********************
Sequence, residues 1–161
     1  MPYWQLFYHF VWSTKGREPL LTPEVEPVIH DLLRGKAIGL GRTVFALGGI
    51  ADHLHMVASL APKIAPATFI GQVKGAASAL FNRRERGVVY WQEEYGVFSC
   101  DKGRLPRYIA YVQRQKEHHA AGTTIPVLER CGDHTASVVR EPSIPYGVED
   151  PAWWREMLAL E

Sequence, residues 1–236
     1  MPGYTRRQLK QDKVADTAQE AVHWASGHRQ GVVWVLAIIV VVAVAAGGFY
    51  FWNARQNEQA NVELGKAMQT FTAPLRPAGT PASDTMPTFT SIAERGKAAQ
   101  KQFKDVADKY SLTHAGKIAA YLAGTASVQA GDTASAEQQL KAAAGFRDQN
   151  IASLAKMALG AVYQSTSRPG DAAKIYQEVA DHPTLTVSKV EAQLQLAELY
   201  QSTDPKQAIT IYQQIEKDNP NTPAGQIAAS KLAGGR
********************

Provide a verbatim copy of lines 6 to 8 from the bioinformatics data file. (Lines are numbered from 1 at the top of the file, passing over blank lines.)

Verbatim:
Sequence, residues 1–236
     1  MPGYTRRQLK QDKVADTAQE AVHWASGHRQ GVVWVLAIIV VVAVAAGGFY
    51  FWNARQNEQA NVELGKAMQT FTAPLRPAGT PASDTMPTFT SIAERGKAAQ